Your thyroid gland is located near the front of your throat, and is responsible for secreting thyroid hormones. There are 2 types of thyroid hormones – thyroxine (T4) and tri-iodothyronine (T3). Both T4 and T3 hormones are made from iodine and tyrosine (an amino acid). Your body depends on thyroid hormones for regulation of your metabolism, blood calcium levels, energy production, fat metabolism, weight maintenance and many more. Around 1 in 20 people have some form of thyroid condition, so read on to find out more about what they are, and how to optimise your thyroid health so as to maximise your fertility


There are 2 main types of thyroid conditions – Hyperthyroidism and Hypothyroidism. Both hypo and hyper-thyrodisim can significantly affect your fertility.

In Hyperthyroidism, thyroid hormones are raised as a result of the thyroid gland producing too much thyroid hormones. This causes symptoms such as weight loss, heat intolerance and hypertension. One of the most common of hyperthyroidism is Grave’s disease, an auto-immune condition. When there is an excess of thyroxine produced, fertility hormones such as oestrogen and progesterone can be impacted. This can cause irregular ovulation and increased rates of miscarriage.

On the other hand, in Hypothyroidism, there is a thyroid deficiency due to the lack of thyroid hormones produced by the thyroid gland. This can lead to cold sensitivity, fatigue and potentially dry skin. In terms of its effect on fertility, hypothyroidism can cause irregular menstrual cycles and ovulation problems.

Good thyroid function is essential for fertility, conception and maintenance of a healthy pregnancy. Thyroid dysfunction in pregnancy is associated with a range of adverse obstetric outcomes such as miscarriage, pre-eclampsia, placental abruption, preterm birth and post-partum haemorrhage. It also poses risks to the baby, such as low birth weight, increase neonatal respiratory distress and decreased cognitive function.



Nutrition plays a major role in hypo and hyper-thyrodisim as dietary and lifestyle changes can help improve thyroid function and thyroid hormone production.


Iodine is a mineral that is an integral component of thyroxine (T4), as it is essential in the production of thyroid hormones. The recommended daily intake of iodine for women is 150 µg/day. Foods rich in iodine include seafood and fish; vegetables grown in iodine-rich soil, and iodised salt. In Australia, all commercial bread products (except organic bread and bread mixes) have been fortified with iodine. Be careful with iodine supplements especially for those who have Grave’s disease; and always check with your doctor first before starting on iodine supplements.



Goitrogens or goitrins are found in high amounts in cruciferous vegetables (cabbage, broccoli, brussels sprouts), soy, and grains such as millet. The excessive consumption of these vegetables can block the absorption of iodine as goitrins can interfere with the production of thyroid hormones (usually with iodine deficiency). However, the good news is that the effect of goitrins are reduced once those cruciferous vegetables are cooked, so continue to eat those vegetables, just be sure to cook them.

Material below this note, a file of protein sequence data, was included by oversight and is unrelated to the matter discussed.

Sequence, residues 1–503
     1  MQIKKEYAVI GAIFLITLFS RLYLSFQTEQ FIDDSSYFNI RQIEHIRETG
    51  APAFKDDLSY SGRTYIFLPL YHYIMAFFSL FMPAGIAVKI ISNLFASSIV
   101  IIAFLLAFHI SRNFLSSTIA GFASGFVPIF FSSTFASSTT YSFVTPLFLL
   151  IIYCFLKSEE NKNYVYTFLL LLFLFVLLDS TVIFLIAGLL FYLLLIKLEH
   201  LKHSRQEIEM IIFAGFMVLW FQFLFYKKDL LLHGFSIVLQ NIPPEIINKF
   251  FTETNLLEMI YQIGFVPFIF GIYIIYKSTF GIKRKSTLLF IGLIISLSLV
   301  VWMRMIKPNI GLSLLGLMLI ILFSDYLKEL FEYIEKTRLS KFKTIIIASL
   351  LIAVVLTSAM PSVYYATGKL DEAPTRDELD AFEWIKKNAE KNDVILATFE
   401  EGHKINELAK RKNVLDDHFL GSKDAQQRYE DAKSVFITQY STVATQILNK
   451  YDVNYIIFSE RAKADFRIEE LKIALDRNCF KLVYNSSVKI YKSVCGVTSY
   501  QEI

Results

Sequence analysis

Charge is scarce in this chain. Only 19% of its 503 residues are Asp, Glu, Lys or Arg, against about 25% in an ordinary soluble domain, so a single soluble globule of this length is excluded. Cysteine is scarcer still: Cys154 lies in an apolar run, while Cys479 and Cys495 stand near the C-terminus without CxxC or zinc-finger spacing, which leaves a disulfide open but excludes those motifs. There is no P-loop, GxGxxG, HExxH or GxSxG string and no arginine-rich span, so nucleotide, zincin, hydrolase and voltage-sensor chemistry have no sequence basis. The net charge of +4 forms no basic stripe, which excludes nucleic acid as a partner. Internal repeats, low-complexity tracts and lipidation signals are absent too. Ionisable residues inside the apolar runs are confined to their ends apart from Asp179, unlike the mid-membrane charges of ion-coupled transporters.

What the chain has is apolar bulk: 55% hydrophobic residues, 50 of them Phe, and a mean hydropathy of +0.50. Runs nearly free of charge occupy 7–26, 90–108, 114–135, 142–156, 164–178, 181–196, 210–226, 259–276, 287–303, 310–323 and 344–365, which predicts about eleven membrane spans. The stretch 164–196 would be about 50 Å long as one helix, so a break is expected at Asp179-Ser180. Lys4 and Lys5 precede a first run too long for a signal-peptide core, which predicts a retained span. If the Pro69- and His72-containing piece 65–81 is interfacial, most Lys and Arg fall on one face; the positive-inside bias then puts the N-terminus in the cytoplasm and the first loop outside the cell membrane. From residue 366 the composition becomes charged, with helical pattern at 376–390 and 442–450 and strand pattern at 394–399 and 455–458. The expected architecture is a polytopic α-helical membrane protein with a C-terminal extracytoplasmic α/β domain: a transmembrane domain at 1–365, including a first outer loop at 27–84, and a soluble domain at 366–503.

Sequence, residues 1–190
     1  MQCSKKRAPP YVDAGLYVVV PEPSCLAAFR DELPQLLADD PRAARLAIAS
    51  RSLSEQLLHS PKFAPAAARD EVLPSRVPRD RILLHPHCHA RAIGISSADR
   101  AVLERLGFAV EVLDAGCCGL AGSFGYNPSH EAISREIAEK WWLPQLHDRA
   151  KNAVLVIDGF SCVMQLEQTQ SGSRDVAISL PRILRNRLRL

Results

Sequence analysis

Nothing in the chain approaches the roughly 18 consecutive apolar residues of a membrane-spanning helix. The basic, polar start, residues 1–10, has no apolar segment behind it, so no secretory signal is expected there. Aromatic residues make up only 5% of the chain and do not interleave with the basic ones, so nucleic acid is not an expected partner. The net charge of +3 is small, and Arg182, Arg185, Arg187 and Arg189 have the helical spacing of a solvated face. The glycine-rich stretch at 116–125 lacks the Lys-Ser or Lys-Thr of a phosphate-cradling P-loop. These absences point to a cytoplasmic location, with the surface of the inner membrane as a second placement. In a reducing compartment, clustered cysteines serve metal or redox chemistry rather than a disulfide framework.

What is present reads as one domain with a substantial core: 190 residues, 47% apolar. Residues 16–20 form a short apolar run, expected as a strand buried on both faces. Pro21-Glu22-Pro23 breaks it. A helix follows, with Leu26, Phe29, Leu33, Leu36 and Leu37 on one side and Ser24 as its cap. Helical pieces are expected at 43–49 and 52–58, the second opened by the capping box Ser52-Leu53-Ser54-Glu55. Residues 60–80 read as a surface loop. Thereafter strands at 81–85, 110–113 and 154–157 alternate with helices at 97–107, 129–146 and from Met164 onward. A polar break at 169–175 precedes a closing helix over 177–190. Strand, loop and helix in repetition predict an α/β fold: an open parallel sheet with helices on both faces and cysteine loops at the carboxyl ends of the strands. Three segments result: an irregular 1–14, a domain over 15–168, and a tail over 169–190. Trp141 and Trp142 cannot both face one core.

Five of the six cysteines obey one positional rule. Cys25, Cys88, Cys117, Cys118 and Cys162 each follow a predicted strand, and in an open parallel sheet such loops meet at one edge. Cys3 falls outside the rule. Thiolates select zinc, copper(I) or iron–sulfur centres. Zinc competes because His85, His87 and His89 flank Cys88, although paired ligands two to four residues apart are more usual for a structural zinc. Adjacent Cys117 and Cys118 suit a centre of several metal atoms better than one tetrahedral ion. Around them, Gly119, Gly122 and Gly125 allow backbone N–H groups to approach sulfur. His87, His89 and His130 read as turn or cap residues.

Weight and Exercise

Weight is a huge factor in both hypo- and hyper-thyroidism. Hypothyroidism can make it difficult to lose weight as it slows down your body’s metabolism. For women with hypothyroidism, focus on eating well and working on your metabolism. Physical activity can help to increase your muscle mass, so ensure that you eat enough protein foods and engage in regular exercise.

Increased metabolism due to Hyperthyroidism can mean that you may lose weight and muscle mass quickly. Therefore, exercise is important to maintain muscles mass. Exercise is beneficial as it will stimulate thyroid hormone secretion and increase tissue sensitivity to thyroid hormones, so make sure you stay active!


  1. Eat sufficient (but not in excess) iodine-rich foods, aim to have at least:
  • 2-3 serves of fish per week
  • 5 serves of vegetables & 2 serves of fruit per day
  • Wholegrains fortified with iodine
  1. Cook your cruciferous vegetables before eating them.
  2. Get moving! Aim for at least 30mins of physical activity at least 5 days a week. Any form of exercise that makes your breathing become quicker and heart beat faster is good. This can include walking, swimming, cycling, playing tennis, dancing etc.


Thyroid function and good levels of thyroid hormones is extremely important for optimising fertility. Your diet and lifestyle both play huge roles in this! If you’re trying to conceive or if you require more individualised advice about your thyroid function, get in contact with one of our Accredited Practising Dietitians. We can provide the support you need from fertility, to conception and throughout your pregnancy journey. You can book into one of our nearest clinics or contact us for online consults.